Larger ASP.NET projects often work with data stored in a database. A database is a program that allows data to be easily accessed, manipulated, and updated. The database can persist data in memory or on disk and is managed by a service that runs on a server or in the cloud. Our goal is to attach a database to an ASP.NET web site and store some data in row and column format.

An ASP.NET Core starter site is needed to demonstrate this concept. The .NET Core command line utility dotnet can create a new project and build all the files necessary to get us up and running. The checkpoints below walk you through the starter site and explain the folder and file structure. Every one of these items will be used in some way as we develop a complete database connected solution.

There is a basic sequence of tasks required to create the database and a set of pages necessary to Create, Read, Update, and Delete data items (often referred to by the acronym CRUD). All the tasks are managed by C# code in a set of NuGet packages. The following exercises demonstrate these tasks.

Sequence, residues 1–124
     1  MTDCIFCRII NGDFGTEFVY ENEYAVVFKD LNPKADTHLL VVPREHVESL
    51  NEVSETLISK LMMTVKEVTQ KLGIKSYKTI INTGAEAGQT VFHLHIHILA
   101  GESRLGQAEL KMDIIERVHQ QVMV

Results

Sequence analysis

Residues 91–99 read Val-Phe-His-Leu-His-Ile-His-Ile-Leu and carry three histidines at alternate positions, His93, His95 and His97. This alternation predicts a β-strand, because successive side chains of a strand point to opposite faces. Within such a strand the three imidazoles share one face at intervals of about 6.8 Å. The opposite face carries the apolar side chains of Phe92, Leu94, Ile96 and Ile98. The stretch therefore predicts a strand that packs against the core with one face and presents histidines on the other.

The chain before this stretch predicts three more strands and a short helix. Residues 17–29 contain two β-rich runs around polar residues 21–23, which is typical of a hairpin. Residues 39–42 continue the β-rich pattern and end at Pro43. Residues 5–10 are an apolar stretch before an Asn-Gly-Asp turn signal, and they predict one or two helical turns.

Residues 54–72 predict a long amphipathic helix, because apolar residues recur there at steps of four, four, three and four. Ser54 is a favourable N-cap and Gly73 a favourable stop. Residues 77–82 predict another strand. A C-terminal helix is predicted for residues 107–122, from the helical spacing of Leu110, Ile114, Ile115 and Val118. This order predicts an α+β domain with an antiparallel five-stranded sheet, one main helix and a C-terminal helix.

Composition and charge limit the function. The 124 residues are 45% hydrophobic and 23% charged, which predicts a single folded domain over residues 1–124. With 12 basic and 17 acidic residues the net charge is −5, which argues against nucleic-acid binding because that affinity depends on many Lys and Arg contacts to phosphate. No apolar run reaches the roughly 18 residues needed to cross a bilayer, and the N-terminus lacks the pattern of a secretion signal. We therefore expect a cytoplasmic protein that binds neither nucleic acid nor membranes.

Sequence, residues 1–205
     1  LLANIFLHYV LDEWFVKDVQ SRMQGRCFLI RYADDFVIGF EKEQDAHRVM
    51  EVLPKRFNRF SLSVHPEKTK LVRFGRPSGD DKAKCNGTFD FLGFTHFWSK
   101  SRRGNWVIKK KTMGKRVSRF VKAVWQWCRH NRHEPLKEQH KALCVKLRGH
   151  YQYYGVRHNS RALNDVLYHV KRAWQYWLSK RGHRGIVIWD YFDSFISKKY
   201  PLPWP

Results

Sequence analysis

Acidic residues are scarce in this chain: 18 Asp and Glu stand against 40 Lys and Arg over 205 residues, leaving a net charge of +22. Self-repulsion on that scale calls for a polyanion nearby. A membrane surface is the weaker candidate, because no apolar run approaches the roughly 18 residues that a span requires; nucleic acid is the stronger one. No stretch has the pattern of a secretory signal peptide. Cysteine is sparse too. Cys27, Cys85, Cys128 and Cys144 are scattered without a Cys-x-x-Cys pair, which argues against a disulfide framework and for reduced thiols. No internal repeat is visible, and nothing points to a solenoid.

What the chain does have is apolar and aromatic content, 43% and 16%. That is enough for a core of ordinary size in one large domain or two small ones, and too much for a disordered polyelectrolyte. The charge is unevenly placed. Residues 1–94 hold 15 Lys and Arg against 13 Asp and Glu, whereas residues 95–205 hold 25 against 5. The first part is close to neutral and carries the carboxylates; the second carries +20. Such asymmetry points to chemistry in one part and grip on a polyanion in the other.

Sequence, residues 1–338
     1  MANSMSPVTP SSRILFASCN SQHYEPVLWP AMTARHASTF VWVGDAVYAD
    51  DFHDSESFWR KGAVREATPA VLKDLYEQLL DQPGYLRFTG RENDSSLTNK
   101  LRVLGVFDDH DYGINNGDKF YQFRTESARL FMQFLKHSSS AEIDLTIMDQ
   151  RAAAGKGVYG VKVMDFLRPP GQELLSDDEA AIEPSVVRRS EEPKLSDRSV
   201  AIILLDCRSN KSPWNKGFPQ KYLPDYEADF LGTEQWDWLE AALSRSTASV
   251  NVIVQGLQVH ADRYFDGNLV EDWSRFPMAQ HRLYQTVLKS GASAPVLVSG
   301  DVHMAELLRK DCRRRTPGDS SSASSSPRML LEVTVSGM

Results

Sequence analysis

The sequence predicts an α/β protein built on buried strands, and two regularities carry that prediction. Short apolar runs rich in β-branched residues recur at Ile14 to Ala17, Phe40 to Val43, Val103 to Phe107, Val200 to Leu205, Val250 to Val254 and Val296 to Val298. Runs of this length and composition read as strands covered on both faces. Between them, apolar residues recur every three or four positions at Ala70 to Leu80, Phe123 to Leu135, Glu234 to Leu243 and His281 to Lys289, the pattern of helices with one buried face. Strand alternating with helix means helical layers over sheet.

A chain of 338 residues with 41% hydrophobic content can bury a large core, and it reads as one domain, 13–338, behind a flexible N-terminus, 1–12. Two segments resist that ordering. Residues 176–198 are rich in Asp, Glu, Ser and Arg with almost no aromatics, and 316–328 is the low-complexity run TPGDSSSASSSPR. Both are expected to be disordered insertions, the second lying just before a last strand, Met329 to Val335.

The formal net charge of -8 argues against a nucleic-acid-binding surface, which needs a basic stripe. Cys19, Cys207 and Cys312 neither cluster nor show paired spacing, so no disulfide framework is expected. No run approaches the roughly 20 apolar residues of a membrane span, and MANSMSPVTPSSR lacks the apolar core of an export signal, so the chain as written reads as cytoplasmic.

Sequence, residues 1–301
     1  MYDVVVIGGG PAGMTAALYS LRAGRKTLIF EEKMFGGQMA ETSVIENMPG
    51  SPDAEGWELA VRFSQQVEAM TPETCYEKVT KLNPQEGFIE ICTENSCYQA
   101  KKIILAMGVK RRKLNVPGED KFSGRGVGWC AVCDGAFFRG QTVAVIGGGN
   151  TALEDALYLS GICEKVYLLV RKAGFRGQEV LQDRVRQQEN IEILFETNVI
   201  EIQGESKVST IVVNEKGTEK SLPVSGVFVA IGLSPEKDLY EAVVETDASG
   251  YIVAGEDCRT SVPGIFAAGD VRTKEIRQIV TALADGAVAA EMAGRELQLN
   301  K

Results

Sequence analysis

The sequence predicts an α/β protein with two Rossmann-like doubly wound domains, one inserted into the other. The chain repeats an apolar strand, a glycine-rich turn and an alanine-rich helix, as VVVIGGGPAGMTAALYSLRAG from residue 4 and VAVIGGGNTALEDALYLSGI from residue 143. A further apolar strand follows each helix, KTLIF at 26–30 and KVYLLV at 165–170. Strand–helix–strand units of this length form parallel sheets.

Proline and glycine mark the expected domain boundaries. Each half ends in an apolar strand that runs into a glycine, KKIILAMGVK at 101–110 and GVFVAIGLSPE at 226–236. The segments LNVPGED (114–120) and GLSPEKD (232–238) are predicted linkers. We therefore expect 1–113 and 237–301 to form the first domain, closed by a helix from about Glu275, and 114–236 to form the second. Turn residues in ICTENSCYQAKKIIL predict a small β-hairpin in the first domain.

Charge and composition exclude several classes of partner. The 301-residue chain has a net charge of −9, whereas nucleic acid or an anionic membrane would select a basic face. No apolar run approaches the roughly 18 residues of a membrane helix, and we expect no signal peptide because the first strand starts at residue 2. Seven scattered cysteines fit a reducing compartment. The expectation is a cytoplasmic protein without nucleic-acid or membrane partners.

Not all ASP.NET sites need database management so this feature is added separately. Our sample uses an open source database called SQLite and the Microsoft open source Entity Framework tools (often called EF). EF is a Microsoft data framework that uses C# classes and methods to represent data entities. There are many alternative frameworks including micro-ORMs (Object Relational Mapping) like Dapper, NHibernate, and SQLAlchemy.

Our sample site will store the names of continents and countries so it will be called RazorCountry.



Use the dotnet command to create a new project in the current directory with the namespace RazorCountry:

dotnet new webapp -o . -n RazorCountry

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